Evaluating the effects of replacing septic systems with municipal sewers on groundwater quality in a densely developed coastal neighborhood, Falmouth, Massachusetts, 2016–19
Land disposal of sewage wastewater through septic systems and cesspools is a major cause of elevated concentrations of nitrogen in the shallow coastal aquifers of southern New England. The discharge of nitrogen from these sources at the coast is affecting the environmental health of coastal saltwater bodies. In response, local, State, and Federal agencies are considering expensive actions to mitigate these effects, including installing municipal sewer systems. To increase the understanding of the effects of municipal sewering on groundwater quality discharging to coastal surface waters, a network of multilevel monitoring wells was established in a densely developed coastal neighborhood on the Maravista peninsula, Falmouth, Massachusetts, which was undergoing conversion from onsite septic disposal to municipal sewering.
The geohydrology of the study area on the peninsula is generally characterized as consisting of fine to coarse, well-sorted sands containing 2.9 to 9.3 meters of fresh groundwater and a flow system characterized by a groundwater divide slightly west of the center of the peninsula. The magnitude of hydraulic gradients at the water table is gently sloping, ranging from 0.000032 to 0.00059, and affected by daily and bimonthly tidal fluctuations from adjacent coastal ponds. On the western side of the divide, upgradient from Little Pond, average linear groundwater velocities and traveltimes along shallow flow paths, estimated from observed hydraulic gradients and estimated aquifer hydraulic conductivity and effective porosity, range from 0.076 to 0.094 meters per day and 7.8 to 9.7 years, respectively.
The groundwater monitoring network consists of 14 profile sites on the peninsula that each include a multilevel sampler for water-quality data collection and a shallow monitoring well for groundwater-level measurements. The study area encompasses about 230 residences that transitioned from onsite septic disposal to municipal sewering between spring 2017 and summer 2019. An additional multilevel sampler that was in a residential coastal setting but not undergoing sewering also was sampled periodically as a reference site.
Elevated nitrogen, as compared to typical uncontaminated, fresh groundwater in the Cape Cod aquifer, predominately as nitrate, was measured in 15 water-quality profiles at nitrate concentrations as great as 26.2 milligrams per liter as nitrogen (n=749; mean and median values were 5.1 and 4.1 milligrams per liter as nitrogen, respectively). At all 14 profile sites and the reference profile site on a nearby peninsula, wastewater effects were denoted by increased nitrate, boron, and specific conductance, and by decreased pH and dissolved oxygen. The highest concentrations of nitrate typically occurred in the deepest one-half of the freshwater zone and in intervals of suboxic and oxic groundwater.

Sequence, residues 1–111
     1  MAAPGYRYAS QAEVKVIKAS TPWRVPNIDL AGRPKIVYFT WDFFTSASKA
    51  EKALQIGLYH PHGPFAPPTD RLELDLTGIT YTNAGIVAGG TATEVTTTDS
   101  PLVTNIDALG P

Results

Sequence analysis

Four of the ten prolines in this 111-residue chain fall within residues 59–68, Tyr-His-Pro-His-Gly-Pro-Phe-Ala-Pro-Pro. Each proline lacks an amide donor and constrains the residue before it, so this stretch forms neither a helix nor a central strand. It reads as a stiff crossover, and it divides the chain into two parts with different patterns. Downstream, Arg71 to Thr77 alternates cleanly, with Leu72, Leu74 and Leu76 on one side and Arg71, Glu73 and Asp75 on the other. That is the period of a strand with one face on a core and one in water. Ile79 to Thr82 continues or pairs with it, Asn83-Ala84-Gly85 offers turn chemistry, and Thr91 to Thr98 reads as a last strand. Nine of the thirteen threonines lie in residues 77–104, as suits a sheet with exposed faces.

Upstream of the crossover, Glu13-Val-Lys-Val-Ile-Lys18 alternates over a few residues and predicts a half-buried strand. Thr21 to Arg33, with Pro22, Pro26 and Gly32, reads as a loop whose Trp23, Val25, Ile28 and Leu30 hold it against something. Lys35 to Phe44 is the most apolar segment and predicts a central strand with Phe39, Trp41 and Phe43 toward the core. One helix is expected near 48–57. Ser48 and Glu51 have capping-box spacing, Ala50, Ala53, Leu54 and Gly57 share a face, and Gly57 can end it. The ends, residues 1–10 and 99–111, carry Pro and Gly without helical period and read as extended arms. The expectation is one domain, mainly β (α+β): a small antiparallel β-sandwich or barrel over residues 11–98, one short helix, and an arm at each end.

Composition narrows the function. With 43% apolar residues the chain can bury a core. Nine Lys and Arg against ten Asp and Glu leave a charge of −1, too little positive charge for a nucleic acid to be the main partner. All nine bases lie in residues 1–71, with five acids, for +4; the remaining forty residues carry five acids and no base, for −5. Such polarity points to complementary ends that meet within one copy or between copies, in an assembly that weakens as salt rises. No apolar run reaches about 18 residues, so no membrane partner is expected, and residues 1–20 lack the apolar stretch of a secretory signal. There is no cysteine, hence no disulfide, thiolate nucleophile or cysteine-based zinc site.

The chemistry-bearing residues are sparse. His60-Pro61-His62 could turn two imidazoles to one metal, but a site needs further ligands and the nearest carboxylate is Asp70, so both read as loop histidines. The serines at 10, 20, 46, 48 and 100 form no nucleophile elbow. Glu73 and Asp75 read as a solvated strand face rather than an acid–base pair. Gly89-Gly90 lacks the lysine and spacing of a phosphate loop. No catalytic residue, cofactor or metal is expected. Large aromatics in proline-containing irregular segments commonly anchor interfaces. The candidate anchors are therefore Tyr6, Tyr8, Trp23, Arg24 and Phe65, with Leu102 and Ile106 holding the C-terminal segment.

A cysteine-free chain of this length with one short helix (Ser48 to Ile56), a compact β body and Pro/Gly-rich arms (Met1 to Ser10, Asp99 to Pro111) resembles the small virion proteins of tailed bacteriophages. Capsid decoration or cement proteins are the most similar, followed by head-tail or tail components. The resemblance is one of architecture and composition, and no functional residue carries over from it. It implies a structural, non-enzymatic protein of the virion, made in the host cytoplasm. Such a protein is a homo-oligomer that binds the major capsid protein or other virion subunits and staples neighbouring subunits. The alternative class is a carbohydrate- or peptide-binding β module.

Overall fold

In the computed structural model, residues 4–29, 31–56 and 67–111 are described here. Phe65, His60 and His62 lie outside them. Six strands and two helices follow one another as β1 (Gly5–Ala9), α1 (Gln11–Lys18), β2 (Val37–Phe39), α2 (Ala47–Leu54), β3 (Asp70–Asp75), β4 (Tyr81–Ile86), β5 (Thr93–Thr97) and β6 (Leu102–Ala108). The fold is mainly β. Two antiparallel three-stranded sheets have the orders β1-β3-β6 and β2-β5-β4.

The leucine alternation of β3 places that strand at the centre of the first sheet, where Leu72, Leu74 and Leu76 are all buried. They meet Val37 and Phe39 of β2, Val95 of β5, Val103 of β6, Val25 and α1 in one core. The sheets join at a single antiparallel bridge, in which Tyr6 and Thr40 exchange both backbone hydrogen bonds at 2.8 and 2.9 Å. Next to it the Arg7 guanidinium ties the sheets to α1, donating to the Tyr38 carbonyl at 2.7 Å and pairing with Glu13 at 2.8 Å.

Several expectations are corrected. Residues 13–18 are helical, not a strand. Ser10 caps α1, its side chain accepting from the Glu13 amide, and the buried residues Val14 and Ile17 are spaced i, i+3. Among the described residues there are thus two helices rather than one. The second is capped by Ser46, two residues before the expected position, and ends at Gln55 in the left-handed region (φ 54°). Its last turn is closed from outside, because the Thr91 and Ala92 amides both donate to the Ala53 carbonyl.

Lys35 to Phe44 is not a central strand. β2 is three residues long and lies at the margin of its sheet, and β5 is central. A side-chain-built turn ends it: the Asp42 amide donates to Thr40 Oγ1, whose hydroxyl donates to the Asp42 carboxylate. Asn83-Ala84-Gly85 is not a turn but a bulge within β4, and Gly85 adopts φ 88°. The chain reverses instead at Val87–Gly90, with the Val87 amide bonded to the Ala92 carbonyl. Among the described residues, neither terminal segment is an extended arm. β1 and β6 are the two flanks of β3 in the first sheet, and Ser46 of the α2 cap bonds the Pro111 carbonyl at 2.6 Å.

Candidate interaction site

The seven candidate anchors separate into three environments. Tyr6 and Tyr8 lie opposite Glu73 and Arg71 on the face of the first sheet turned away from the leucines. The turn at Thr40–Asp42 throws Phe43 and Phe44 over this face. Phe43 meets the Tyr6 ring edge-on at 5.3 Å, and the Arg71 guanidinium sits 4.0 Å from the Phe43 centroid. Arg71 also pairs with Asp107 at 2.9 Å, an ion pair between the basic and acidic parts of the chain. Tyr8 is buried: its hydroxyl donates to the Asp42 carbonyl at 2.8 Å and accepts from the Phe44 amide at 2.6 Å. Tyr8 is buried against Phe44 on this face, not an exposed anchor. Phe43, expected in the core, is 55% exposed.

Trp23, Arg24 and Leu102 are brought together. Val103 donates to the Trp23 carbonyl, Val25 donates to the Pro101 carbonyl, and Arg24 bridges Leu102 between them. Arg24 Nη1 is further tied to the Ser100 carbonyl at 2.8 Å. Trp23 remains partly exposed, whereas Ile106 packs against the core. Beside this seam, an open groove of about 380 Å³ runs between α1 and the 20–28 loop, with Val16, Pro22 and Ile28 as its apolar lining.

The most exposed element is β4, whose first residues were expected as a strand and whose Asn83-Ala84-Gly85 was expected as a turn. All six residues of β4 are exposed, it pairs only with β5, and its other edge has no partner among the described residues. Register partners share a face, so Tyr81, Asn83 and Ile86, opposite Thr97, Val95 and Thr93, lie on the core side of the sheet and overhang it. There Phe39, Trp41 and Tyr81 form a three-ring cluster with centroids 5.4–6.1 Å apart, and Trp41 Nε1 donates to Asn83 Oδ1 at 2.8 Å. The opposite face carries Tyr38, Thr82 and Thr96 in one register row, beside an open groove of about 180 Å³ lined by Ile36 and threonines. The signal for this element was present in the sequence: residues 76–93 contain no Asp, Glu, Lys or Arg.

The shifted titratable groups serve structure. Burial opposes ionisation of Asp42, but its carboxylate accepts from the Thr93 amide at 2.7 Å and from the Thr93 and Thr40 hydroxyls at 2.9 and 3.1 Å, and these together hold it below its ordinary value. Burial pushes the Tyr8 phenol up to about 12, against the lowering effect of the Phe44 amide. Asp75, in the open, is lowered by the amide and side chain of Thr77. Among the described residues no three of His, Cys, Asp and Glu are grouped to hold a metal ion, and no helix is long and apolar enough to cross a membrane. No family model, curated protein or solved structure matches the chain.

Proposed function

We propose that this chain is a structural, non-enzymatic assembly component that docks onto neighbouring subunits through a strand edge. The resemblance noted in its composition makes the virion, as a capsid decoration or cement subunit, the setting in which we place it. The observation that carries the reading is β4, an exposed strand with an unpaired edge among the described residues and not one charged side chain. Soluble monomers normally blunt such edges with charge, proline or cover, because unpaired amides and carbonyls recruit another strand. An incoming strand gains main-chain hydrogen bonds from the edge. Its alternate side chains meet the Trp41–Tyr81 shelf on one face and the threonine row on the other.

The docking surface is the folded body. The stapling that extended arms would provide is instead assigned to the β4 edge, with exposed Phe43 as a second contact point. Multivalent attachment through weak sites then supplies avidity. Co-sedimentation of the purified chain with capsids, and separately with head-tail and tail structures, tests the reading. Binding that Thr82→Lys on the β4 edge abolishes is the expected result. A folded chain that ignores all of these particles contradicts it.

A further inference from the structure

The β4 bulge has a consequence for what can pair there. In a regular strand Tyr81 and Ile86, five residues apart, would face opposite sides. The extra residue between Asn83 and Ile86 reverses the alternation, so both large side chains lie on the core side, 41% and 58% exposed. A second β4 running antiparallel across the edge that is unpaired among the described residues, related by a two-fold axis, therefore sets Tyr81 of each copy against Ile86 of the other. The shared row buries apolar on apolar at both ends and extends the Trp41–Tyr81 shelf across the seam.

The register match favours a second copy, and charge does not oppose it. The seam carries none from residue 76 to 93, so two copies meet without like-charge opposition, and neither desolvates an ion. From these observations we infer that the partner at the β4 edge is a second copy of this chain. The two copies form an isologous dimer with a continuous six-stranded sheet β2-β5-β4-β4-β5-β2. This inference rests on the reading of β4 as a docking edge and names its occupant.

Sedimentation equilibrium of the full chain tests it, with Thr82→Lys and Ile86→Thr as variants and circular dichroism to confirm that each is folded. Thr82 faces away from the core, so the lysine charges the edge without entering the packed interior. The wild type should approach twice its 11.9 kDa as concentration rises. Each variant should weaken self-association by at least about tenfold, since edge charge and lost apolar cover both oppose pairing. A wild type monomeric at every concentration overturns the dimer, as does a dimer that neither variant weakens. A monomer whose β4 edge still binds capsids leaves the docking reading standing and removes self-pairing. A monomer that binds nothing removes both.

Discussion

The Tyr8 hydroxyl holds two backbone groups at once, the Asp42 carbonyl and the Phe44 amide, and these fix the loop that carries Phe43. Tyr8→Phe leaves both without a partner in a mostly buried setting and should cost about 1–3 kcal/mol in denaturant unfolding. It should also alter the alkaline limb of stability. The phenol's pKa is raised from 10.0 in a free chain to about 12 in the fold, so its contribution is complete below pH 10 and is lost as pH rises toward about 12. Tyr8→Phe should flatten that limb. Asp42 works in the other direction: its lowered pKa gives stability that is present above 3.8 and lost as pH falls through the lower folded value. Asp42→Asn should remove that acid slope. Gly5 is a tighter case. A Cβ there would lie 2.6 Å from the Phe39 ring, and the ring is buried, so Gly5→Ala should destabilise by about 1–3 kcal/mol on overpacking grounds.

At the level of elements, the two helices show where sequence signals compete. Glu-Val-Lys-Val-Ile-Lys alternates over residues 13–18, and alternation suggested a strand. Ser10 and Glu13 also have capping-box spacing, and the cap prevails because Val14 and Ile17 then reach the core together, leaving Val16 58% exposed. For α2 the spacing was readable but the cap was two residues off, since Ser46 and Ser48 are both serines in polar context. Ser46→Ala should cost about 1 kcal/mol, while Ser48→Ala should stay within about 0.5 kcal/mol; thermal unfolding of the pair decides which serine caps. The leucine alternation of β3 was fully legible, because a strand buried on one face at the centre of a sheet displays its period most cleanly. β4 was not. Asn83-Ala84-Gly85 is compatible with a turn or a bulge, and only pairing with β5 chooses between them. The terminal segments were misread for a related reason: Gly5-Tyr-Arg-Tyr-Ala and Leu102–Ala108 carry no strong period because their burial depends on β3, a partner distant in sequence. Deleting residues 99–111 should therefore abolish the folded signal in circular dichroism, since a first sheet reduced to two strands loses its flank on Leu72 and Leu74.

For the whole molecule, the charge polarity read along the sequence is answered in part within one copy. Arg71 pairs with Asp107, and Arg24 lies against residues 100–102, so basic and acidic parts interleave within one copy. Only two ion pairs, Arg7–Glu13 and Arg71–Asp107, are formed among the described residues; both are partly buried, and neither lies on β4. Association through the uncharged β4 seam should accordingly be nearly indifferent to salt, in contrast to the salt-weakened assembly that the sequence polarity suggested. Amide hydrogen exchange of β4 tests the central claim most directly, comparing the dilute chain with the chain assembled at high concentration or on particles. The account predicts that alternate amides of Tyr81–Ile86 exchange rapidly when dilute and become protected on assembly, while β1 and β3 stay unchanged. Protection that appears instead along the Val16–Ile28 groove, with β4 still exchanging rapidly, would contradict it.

Thickness-weighted mean and maximum nitrate concentrations, and total nitrate mass from four sampling rounds, provided a metric to evaluate expected changes at the 14 profile sites on the peninsula. Nitrate concentrations varied moderately by site between sampling rounds through both the presewering (June 2016 and April 2017) and transitional periods (April 2018 and June 2019). Nitrate concentrations greater than the U.S. Environmental Protection Agency maximum contaminant level for nitrate in drinking water (10 milligrams per liter as nitrogen), were detected at 9 of the 14 profile sites and at the reference site. The average of the mean thickness-weighted nitrate concentrations for the four full sampling rounds was greater than 5.0 milligrams per liter as nitrogen at 8 sites (7 profile sites and the reference site) and greater than 8 milligrams per liter as nitrogen at 3 profile sites. The total nitrate mass per square meter of land area at each profile site ranged from 1,830 to 36,800 milligrams per square meter. Nitrate mass flux, across a 500-meter-long section upgradient from Little Pond and covering about 15 percent of the total pond shoreline length, ranged from 124.3 to 192.6 kilograms per year for the four full sampling rounds under three groundwater-flow conditions.
The expected improvements in groundwater quality in the freshwater zone should be characterized by decreases in concentrations of dissolved total and inorganic nitrogen and common ions such as boron, chloride, and fluoride. A statistical analysis using the Regional Kendall test for sampling points grouped in specific depth ranges confirmed that water-quality changes were statistically significant in at least one depth group during the 3-year sampling period (nitrate: −0.76 milligram per liter per year; specific conductance: −12.1 microsiemens per centimeter at 25 degrees Celsius per year; dissolved oxygen: 0.82 milligram per liter per year); however, the rate at which the water-quality improvements will result in decreases in nitrate mass loads to the coastal ponds primarily depends on groundwater traveltimes and the rate of flushing of wastewater constituents from the aquifer.
|Evaluating the effects of replacing septic systems with municipal sewers on groundwater quality in a densely developed coastal neighborhood, Falmouth, Massachusetts, 2016–19
|Timothy D. McCobb, Jeffrey R. Barbaro, Denis R. LeBlanc, Marcel Belaval
|USGS Numbered Series
|Scientific Investigations Report
|USGS Publications Warehouse
|New England Water Science Center